Sound equipment installation

Sorry, if this is the wrong group. Maybe you can re-direct me. Thanks
I am building a built-in stereo system, with wires running in the walls. I have a good set of stereo speakers, connected to my main stereo amplifier.
Question: Can I permanently connect this set of speakers to another set of wires from another amplifier in another room? Normally, the speakers would be powered only by one amplifier at a time.
Would this connection cause any damage to the speakers or to the amplifiers.
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Walter
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You would change the impedance of the speakers by sharing it with 2 amps, which would result in poor sound output, not to mention overloading the amps.. They do make A/B switches which allow you to switch between amps.
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Walter R. wrote:

Hi, First there are amps which has zones; like zone A, B, C. etc. With this you can drive each or all zones as you wish. If you parallel hook up speakers, the amps' load impedance halvens which means it can permanently dmamage your amp. If you parallel two 8 Ohm speakers, load impedance becomes 4 Ohms. In this case your amp better be able to take 4 Ohm load. Today's good solid state amps can take load from 2 Ohms and up usually. But I would not take chance at 2 Ohms, 4 Ohm is safe bet specially if you play loud. Also there is so called in-wall speakers for in-wall installation. My home theater is driven by Yamaha a/v receiver which has multi zone output. Main room has 7.1 surrounds, den has 5.1 surrounds I can control remotely. Probably you should visit home theater NG. Not knowing your speaker, amp specifics, I can't be more helpful to you. Good luck, Tony, VE6CGX
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No, amplifiers could be damaged. You could take the line out (tape deck output) from one amp and input it to the line in (tape in) input to the amp near the speakers, try not to route the cables close to ac lines to avoid hum pickup.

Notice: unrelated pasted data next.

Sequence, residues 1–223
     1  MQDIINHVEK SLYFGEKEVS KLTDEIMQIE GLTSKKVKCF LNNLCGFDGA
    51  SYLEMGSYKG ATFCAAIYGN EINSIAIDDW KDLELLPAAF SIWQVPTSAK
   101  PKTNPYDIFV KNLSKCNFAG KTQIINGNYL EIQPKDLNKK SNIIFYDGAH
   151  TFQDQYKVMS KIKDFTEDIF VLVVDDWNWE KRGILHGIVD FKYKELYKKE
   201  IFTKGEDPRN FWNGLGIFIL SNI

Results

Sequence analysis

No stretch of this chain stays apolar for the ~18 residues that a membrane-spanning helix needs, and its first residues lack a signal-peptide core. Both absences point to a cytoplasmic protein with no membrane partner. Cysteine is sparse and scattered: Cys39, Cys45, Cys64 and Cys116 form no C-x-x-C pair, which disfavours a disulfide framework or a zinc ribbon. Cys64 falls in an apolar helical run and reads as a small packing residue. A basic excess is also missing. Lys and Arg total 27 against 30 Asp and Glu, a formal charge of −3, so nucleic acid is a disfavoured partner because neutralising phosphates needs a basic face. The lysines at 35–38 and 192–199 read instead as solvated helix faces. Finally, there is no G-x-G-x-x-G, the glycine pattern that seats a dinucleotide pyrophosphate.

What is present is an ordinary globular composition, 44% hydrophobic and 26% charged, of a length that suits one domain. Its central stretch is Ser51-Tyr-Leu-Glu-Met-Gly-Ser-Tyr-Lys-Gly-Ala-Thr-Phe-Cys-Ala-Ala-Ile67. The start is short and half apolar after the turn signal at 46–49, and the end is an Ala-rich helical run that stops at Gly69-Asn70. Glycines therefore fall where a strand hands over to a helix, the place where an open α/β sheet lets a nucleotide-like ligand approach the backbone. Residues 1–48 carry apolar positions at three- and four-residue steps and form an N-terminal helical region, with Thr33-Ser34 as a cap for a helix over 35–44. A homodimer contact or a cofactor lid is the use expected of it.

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Sorry to top post but from your description of what you intend to do you would be effectively hooking the outputs of the two amps to each other. This could result in both outputs being blown should they be on at the same time. There are selector switches as other posters mentioned. You should refer to the amp specs to see if operating unloaded would be a problem. Richard
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Walter R. wrote:

I agree with the others -- this is a bad idea. Some amplifiers might have output stages that would tolerate the abuse, but you risk blowing out one or both, and the sound will likely be terrible.
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wrote:

It could damage one or both amplifiers, and would not sound right (impedance mismatch).
I had a situation like that once. I connected a DPDT switch to the amplifier's outputs (so only one would be connected at a time). Amplifiers SHOULD be protected from no-load operation, but to be safe don't turn on the amp that's not connected to the speakers.
Then, you could make that a 4PDT switch (or a DPDT for each channel) with dummy load resistors (don't forget about power here).
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